My soul fell to the ground. Has she forgotten me? Was she playing a joke on me? Just in case, I continued with his game.

No one, not even the rain, has such small hands,” I recited, from the famous poem by e. e. Cummings. Even more famous since Woody Allen had included it in his movie Hannah and her Sisters. Last time it had become half joking in our private code of conversation.

“I see there are several of us who have watched the same movie,” she said casually. Or has the rain inspired you now?”

Damn Maggie. She was making it difficult for me. I started reciting:

Lady, crying at the crossroads / would you find your love / in the twilight with his greyhounds / and the hawk in his glove?

She looked at me intrigued.

“Wystan Hugh Auden?”

“Yes. One of your favourite poets, if I remember correctly. And I think you also liked the music of Charles Mingus.”

Maggie looked at me even more intrigued.

“Did we know each other before?”

Again that stabbing pain in the middle of the chest, a little deviated to the left. For me that night in the Seattle hotel, after the presentation of Philip Roth’s latest novel, so long ago, had been unforgettable. It was difficult for me to find the right words to recall our fleeting encounter.

“Sometimes, in the infinity of time and space, we coincide …”

Now Margaret Seymour looked at me flattered and curious.

“You must be mistaking me for another lady. Maybe Auden’s.”

“That’s a literary lady. You are more than real.”

“In reality until recently I was living with the man of my life. Which sadly is gone. And everyone here knows that I was always faithful to him.”

I looked at her for a hint of doubt in her statement.

“You never told me his name,” I countered.

She smiled at my insistence without blinking.

“Surely our relationship was not so important as to tell you all the details, my mysterious painter and poet of the marine coast.”

“It certainly wasn’t like that at the time. But I will never forget cobalt blue eyes like yours, Maggie.”

Suddenly Margaret blushed. Her face turned the colour of cadmium vermilion red and then paled.

“I hope we haven’t gotten involved in an embarrassing matter.”

“The only embarrassing thing about that night was that we were both routinely married and happily drinking. Moreover, we both had copies of The Plot against America signed by the author. By the way, I was also a literature teacher.”

“Then we have where to start, again.”

At that very moment, Theresa appeared with a large birthday cake with lots of candles. Someone turned the music down and we sang the Happy Birthday song.  Excited, Dennis started to blow out the sixty candles that threatened to be too many. Finally, he succeeded.

The night flew by with Maggie. We laughed, we drank wine and we talked about poetry, about music, about love fantasies. She swore she still did not remember me. I swore I had never forgotten her.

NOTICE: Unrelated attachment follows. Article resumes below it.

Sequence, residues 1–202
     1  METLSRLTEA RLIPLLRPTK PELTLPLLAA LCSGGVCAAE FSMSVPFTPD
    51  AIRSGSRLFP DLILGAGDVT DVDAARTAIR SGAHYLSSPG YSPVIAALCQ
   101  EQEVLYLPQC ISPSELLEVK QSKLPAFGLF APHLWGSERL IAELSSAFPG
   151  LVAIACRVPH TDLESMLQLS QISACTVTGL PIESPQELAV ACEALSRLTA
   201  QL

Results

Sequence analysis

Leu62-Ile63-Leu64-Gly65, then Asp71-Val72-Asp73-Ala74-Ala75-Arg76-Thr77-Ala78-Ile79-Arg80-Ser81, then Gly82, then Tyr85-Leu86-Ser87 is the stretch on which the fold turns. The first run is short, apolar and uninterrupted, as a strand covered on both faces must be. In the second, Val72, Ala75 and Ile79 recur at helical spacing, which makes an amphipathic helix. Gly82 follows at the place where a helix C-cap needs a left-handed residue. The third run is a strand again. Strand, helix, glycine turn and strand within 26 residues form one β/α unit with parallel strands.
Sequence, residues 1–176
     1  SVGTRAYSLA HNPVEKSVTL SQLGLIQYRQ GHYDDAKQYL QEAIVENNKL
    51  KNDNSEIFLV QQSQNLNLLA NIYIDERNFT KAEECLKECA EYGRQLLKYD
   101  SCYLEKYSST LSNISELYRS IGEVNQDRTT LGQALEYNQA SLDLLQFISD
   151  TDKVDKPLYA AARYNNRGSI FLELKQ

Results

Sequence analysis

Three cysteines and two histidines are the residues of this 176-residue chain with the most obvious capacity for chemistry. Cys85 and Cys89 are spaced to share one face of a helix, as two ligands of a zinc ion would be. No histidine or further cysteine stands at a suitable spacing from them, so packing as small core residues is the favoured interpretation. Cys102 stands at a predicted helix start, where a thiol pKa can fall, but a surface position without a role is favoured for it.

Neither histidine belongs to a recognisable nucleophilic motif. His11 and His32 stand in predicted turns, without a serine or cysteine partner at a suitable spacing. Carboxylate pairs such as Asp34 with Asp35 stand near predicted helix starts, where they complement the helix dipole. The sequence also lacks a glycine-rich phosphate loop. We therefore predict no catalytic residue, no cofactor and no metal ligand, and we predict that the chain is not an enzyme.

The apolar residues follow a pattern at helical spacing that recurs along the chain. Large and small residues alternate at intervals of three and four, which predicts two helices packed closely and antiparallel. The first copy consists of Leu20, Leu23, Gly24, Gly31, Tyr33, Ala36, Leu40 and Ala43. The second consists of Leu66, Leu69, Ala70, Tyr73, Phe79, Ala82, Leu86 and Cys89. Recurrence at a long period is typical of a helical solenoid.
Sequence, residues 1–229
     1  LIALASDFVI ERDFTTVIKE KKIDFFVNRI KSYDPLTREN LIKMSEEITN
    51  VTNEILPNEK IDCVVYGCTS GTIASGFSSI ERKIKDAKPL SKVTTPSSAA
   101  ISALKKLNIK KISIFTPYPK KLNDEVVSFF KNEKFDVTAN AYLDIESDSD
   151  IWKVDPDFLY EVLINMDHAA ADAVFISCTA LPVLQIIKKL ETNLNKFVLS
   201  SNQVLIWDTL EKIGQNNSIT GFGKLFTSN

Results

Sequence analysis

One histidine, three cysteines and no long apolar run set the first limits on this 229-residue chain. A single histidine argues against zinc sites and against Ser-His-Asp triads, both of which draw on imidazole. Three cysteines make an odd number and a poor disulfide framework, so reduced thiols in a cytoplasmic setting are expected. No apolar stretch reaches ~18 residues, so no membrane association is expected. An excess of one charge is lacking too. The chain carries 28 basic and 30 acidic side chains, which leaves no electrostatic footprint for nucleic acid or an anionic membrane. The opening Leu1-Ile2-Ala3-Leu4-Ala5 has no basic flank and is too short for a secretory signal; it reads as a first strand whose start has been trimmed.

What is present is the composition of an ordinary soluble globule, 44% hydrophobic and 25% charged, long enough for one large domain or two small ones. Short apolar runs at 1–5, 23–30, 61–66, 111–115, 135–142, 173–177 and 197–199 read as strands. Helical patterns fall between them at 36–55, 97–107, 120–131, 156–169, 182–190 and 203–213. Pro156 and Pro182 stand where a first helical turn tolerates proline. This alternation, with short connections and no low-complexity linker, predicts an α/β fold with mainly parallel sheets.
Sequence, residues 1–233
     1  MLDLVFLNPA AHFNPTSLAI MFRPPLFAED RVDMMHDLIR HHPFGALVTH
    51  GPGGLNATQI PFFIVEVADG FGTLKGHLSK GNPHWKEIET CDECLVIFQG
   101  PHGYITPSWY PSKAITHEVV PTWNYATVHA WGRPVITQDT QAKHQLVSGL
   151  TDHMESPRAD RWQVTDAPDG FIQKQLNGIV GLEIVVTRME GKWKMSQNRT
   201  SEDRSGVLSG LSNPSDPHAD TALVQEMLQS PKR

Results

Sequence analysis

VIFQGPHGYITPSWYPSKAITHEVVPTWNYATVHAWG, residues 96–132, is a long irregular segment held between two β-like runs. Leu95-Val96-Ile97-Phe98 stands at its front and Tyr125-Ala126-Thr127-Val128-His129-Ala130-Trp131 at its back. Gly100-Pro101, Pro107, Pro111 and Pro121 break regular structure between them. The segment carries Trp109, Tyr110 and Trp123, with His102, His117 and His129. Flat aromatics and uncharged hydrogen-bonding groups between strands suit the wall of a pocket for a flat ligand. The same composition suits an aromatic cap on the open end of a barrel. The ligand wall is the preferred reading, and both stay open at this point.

We talked about Baudelaire and the cursed poets, Hemingway and Gertrude Stein, Truman Capote and Harper Lee and Italo Calvino and his Invisible Cities and how twisted and delicious Chuck Palahniuk was to us. She even recited a poem by Jorge Luis Borges that talked about the rain, in her imperfect high school Spanish. I refrained from telling her that I had learned the language of Borges while studying the work of the blind bard in Buenos Aires.

When we said goodbye to Dennis and Theresa at midnight, bringing us a cold unopened bottle of Sauvignon Blanc, no one was surprised. We slipped down the beach, running across the sand, taking advantage of the fact that the rain had subsided.

A polychrome night of old and new memories awaited us, punctuated by the marine rain that happened outside, the nostalgia of Borges recalling a minutely shredded rain that maybe resided in the past, the delicate hands of Cummings and the layered counterpoint of Mingus jazz, outlined by impetuous brushstrokes of titanium yellow, chrome oxide green, toasted Sienna earth, drunken laughter of joy and Egyptian cotton sheets.

(Excerpt from the poem The Rain by Jorge Luis Borges translated by the author)

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Marcelo Medone (1961, Buenos Aires, Argentina) is a fiction writer, poet and screenwriter. His works have received numerous awards and have been published in magazines and books, individually or in anthologies, in multiple languages in more than 40 countries.

He currently lives in San Fernando, on the outskirts of Buenos Aires.

Facebook: Marcelo Medone / Instagram: @marcelomedone

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Published by darcie friesen hossack

Darcie Friesen Hossack is a graduate of the Humber School for Writers. Her short story collection, Mennonites Don’t Dance, was a runner-up for the Danuta Gleed Award, shortlisted for the Commonwealth Writers Prize and the Ontario Library Association's Forest of Reading Evergreen Award for Adult Fiction. Citing irreverence, the book was banned by the LaCrete Public Library in Northern Alberta. Having mentored with Giller finalists Sandra Birdsell (The Russlander) and Gail Anderson Dargatz (Spawning Grounds, The Cure for Death by Lightening), Darcie is now completing her first novel where, for a family with a Seventh-day Adventist father and a Mennonite mother, the End Times are just around the corner. Darcie is also a four time judge of the Whistler Independent Book Awards, and a career food writer. She lives in Northern Alberta, Canada, with her husband, international award-winning chef, Dean Hossack.